More than 1.3 billion pounds of cargo made its way through Chicago Rockford International Airport last year, a nearly 50% increase over 2016.
E-commerce is the reason for the airport’s cargo surge, which began in the fall of 2016. That’s when ABX Air began ferrying cargo through the airport for Amazon. Atlas Air, another leader of the air freight industry, is also routing regular cargo flights through Rockford for the e-commerce retailer.
UPS Inc. bolstered its cargo activity in Rockford last year, too. It added seven daily cargo flights here after moving 250 jobs from Des Moines, Iowa, to the Rockford parcel-sorting center — its second largest air freight hub in North America.
Today, the peak holiday shipping season is over, those extra cargo flights are still running, and UPS employs 2,379 part-time and 377 full-time permanent workers at its Rockford hub, said Karen Tomaszewski, a spokeswoman for the Atlanta-based package shipper.
“We’re out of the peak season now and our cargo volumes aren’t dropping off as they traditionally do,” said Zack Oakley, the airport’s director of operations.
The 1.3 billion pounds of cargo that landed at the Rockford airport translates into $800,000 or more in landing fees, which Airport Director Mike Dunn said will help the airport pay for operations and capital improvements to handle the cargo growth. And because cargo activity is factored into the level of federal aid the airport receives, the prospect for more aid grows as cargo activity increases.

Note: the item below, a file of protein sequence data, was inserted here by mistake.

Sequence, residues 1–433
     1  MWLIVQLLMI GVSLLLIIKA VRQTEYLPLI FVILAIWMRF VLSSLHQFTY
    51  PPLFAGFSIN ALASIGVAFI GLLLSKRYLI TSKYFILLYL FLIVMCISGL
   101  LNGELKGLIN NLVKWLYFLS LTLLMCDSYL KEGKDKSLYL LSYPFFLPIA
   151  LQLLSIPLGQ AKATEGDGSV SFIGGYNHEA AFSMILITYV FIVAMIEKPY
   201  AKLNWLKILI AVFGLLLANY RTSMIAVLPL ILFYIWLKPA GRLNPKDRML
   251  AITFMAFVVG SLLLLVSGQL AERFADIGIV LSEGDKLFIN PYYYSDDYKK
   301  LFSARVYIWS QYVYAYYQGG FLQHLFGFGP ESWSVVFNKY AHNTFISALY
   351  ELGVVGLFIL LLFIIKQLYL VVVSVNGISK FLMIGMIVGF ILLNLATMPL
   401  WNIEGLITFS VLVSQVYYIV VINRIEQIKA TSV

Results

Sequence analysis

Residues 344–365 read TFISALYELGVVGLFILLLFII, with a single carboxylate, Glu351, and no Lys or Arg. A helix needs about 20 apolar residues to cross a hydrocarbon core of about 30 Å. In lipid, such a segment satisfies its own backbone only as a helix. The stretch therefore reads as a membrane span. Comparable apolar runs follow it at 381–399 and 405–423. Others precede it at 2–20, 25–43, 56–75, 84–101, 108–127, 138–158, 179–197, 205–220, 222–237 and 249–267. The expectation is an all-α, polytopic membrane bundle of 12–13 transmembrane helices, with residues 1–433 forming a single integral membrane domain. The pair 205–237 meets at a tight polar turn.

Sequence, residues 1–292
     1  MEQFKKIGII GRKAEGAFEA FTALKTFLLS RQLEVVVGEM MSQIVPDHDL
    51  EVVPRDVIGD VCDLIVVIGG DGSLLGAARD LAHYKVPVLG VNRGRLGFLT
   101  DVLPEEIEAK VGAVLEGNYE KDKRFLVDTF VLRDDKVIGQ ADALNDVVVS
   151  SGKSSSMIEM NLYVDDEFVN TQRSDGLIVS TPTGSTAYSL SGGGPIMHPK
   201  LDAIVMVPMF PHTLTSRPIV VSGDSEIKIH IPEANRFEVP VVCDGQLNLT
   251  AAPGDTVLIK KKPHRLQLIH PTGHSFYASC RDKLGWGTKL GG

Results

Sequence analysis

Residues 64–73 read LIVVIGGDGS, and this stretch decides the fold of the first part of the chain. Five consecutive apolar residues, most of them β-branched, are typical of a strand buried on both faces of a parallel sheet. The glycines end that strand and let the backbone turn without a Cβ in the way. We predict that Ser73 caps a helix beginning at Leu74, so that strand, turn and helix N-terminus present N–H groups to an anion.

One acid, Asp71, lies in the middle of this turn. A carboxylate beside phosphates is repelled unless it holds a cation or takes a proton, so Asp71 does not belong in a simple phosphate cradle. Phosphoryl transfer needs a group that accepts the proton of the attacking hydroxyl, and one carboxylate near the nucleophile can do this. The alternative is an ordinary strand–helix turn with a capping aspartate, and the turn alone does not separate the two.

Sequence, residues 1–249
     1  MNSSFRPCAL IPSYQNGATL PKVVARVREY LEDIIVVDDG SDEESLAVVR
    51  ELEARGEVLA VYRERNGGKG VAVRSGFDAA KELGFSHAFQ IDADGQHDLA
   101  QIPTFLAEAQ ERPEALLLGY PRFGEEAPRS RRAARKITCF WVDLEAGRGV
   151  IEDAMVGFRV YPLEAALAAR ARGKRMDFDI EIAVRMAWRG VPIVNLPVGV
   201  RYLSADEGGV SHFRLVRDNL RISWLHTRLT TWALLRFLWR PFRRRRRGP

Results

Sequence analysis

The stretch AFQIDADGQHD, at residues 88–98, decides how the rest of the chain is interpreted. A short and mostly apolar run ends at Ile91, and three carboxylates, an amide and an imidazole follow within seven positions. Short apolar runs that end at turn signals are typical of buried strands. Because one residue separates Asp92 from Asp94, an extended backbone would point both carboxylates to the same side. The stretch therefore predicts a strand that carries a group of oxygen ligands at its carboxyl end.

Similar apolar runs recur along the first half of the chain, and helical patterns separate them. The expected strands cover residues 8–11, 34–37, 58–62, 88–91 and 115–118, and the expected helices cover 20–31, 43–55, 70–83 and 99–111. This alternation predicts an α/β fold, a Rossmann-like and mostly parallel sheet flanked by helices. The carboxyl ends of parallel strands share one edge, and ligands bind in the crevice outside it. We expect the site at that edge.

The airport received a $5 million federal grant last year to expand its cargo apron to accommodate more jets on the ground. The apron was completed late last year, and there’s still hundreds of undeveloped acres within the airport campus to accommodate future growth.
Dunn said he expects the cargo surge to continue in 2018. He estimates total landed cargo weight at the airport this year could be 20% above last year’s figures. E-commerce is fueling the surge, he said, and the airport’s strategy is to become a Midwest hub for e-commerce air freight.
“We still have lots of room to grow,” Dunn said.
The future looks bright for those doing cargo business at the airport, too.
UPS has a couple hundred expansion projects in play around the globe, and has increased capital spending in recent years to upgrade its network to handle the growth in e-commerce deliveries. The world’s largest package delivery company estimates it delivered 750 million packages between Thanksgiving Day and New Year’s Eve, up 6% from 2016, and handled a record 6 million package returns following the Christmas holiday.
Last year was a big one for Amazon, too. The company was responsible for an estimated 44% of all e-commerce sales in the U.S. and 4% of the country’s total retail sales, a figure in the area of $200 billion, according to a study by One Click Retail.
“The hard time all the carriers are having is hitting those e-commerce projections,” Oakley said. “E-commerce is just growing so rapidly that it’s hard to project. The peak holiday shipping season is no longer that two-to-three week period. It’s a month, two months, and it just keeps stretching out.”